Nate Ruess storms back to the forefront of the indie-pop scene with his newest, high energy, (pun-intended) fun band: fun. Yes, they are named fun. (with the period) and yes they are a fun band, and no, I am not kidding. They are the aftermath of the ending of indie-pop giants The Format and I must begin by admitting my general distaste for them. While I would not want to change the song if they were on, I was just never very fond of them. But fun. is a COMPLETELY different story for me. Bringing something interesting and refreshing to my ears this year is Aim and Ignite which features the likes of a wide variety of ‘fun’ things from the general catchy lovely tones of Mr. Ruess’ voice to amazing string parts, beautifully constructed guitar leads and even a choral, queen oriented introduction! Fun. is nothing but exactly that, and the album is worth every second and every cent.
The album opens with the upbeat, refreshing “Be Calm” which features a organ/string combo introduction. This then leads into a perfectly staccato verse featuring a melody from Ruess to keep your attention and lightens up for several sections of focusing on Ruess’ vocals. It then enters into a back and forth between several vocalists in each ear and picks up momentum from there. You cannot do anything but help to bob your head in time with the vocal melody throughout. As it picks up more momentum some horns, a large bell and more keys come back before going into a largely guitar oriented section which shows off Ruess’ vocal range beautifully. This song really encompasses every part of the fun. album all in 4 minutes, and as it continues you will realize more than just your auditory senses are being filled by the aural tones produced. The songs truly engulf every emotion inside you and fill you with nothing but joy.
Bringing many of the same aesthetics The Format used (whom remember: I disliked) and refining them, fun. brings indie-pop to the next level of intriguing. Within each song there are several amazingly created layers of musicianship all fronted by Ruess’ catchy melodies. You can’t deny the obvious Queen (or perhaps Beach Boys) vocal harmonies invested into songs like “Benson Hedges” and “All The Pretty Girls” or that they are influenced by their hired hand keyboardist, Robert Manning Jr., from the early 90’s power pop act, Jellyfish.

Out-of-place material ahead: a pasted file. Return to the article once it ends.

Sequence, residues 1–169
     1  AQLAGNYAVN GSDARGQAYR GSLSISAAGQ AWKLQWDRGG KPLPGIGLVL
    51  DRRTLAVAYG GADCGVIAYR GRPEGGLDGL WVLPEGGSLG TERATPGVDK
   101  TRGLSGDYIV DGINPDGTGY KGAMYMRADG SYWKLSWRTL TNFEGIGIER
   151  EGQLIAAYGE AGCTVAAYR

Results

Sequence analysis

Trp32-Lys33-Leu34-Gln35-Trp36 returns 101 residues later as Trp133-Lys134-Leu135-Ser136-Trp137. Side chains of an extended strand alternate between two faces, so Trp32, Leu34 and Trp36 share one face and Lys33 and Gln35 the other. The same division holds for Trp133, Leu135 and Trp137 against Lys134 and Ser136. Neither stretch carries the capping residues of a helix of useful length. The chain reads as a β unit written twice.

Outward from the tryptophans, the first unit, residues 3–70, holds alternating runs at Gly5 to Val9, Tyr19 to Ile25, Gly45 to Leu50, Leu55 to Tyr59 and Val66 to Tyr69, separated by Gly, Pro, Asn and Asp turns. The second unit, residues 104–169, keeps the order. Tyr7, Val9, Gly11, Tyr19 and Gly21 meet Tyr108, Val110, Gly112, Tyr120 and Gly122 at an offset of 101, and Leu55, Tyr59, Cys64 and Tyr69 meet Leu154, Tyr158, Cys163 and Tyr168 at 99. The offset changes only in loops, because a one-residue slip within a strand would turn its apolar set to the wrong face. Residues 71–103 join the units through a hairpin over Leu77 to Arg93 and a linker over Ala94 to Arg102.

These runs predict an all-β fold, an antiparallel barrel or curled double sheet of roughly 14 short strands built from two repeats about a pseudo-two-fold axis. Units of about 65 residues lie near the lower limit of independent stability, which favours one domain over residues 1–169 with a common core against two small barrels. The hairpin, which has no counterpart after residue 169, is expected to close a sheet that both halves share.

With such wonderful backing musically throughout the album, one cannot but wonder where the lyrics of this record stand. Ruess tells tales of love and loss and how he came to the place he is now: a very happy happy place (which I could not be more pleased about). He focuses quite a bit on his troubled past, but always has a positive vibe on it all to show you that what has happened is nothing but the past and has led him to the happiness that currently fills him. While the major focus is love, each song takes a different perspective on each very different situation, to not make the major theme over bearing throughout.
I can never deny a positive band of their genuine nature and I never have anything less than respect for a band that takes life in a positive light, and fun. takes everything to the next level. Being officially released today, August 25th, this album is worth going out to your local record store and picking up, or at least checking out a few tracks.